Although we don't believe in timing the market or panicking over daily movements, we do like to keep an eye on market changes -- just in case they're material to our investing thesis.
After three days of losses, investors have waited for a reason to rally, and before the bell analysts saw some optimistic data on Chinese trade and U.S. jobless claims as a catalyst for at least a brief rebound in the U.S. stock market. But after opening higher, the market dropped back as investors continued to worry about the uncertain impact that the inevitable drawdown of the Federal Reserve's "quantitative easing" will have on asset prices. By 10:45 a.m. EDT, the Dow Jones Industrials (DJINDICES:^DJI) were actually down 40 points, while broader markets were essentially flat.
As we've seen on a number of occasions recently, cross-currents within the Dow give conflicting guidance about the possible future direction of the overall market. Caterpillar (NYSE:CAT) has climbed 1%, showing the company's heightened exposure to the Chinese economy generally and to the industrial sector of the emerging nation specifically. Yet the heavy-equipment maker seems doomed to suffer the longer-term pressures of reduced demand from the mining sector, as the prices for many metals could remain low well into the future. Despite today's gains, the stock remains near yearly lows, and it'll likely take more cyclical economic strength to create a longer-lasting rally.
Yet Intel (NASDAQ:INTC) has fallen by about 1%, following up on recent losses as investors continue to question the chip maker's ability to survive the decline of the PC industry. With Goldman Sachs having dubbed Intel one of the five most overvalued stocks in the market, citing more than 30% downside risk from current levels, shareholders have slowly but surely seen some of their share-price gains from earlier in 2013 start to erode. Short-sellers have hopped on the bearish bandwagon for Intel, making it one of the most heavily shorted stocks in the Dow. Until the company manages to establish its growth strategy going forward, Intel will likely continue to face tough reactions from investors.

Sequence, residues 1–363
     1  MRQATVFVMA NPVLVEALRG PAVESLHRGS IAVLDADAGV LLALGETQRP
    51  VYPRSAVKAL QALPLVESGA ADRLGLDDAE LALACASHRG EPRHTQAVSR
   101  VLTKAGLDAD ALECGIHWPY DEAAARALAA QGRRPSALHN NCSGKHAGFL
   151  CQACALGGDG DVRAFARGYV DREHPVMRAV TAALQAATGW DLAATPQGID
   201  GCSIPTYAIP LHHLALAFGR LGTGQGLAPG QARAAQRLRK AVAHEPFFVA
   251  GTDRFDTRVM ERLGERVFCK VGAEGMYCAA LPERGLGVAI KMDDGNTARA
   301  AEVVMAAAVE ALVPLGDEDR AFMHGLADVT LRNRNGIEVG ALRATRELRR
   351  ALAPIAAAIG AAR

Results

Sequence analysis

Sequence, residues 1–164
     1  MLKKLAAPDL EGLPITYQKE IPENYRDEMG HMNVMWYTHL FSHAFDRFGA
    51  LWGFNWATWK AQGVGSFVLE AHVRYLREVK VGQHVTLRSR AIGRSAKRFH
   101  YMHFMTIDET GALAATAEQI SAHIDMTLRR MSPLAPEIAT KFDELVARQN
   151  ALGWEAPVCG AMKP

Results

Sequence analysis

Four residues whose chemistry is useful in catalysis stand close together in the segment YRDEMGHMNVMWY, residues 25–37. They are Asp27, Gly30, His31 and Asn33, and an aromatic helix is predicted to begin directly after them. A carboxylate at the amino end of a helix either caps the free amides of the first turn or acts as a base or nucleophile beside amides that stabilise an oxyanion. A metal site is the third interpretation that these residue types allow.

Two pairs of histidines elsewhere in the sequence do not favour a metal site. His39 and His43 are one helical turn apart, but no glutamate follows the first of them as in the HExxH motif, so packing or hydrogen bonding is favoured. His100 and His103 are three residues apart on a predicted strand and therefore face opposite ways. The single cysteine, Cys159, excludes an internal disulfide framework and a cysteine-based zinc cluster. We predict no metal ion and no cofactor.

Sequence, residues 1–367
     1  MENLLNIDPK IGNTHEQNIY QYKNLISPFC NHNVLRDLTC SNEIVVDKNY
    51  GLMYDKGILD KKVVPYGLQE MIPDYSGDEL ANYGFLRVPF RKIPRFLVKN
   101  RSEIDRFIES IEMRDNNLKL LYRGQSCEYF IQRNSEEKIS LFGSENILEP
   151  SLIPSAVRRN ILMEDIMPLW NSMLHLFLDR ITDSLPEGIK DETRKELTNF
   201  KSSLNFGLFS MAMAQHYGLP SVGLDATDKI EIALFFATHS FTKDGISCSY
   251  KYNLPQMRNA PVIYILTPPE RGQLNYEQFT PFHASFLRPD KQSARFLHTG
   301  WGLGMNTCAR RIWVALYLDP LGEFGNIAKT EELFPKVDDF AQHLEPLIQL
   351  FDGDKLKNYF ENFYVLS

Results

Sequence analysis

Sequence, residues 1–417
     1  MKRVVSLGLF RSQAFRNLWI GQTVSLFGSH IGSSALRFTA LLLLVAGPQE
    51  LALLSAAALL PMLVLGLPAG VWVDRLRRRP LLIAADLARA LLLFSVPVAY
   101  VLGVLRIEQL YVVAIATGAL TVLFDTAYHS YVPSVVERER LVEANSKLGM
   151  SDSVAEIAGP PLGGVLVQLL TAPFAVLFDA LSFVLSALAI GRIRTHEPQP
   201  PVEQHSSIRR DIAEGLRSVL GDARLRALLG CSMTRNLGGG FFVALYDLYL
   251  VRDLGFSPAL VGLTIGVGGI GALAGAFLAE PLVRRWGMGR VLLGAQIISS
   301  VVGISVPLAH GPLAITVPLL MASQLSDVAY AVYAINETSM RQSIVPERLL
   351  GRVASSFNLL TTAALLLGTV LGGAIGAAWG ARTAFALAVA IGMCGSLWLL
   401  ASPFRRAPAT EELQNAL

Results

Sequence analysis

Finally, cross-currents in earnings are having different impacts on stocks as well. Tesla Motors (NASDAQ:TSLA) has soared 14% after announcing another surprising quarter, with vehicle sales volumes topping estimates and the company posting an operating profit. Yet Green Mountain Coffee (UNKNOWN:GMCR.DL), which also topped profit estimates and raised its guidance, has dropped 1.7% after its revenue didn't come in as high as expected. These results show two things: Momentum stocks can feed on extremely positive news and push ever higher, but when high expectations get baked into a stock, anything short of perfection can bring those share-price gains to an end. Expect these dynamics to continue so long as economic conditions stay unclear.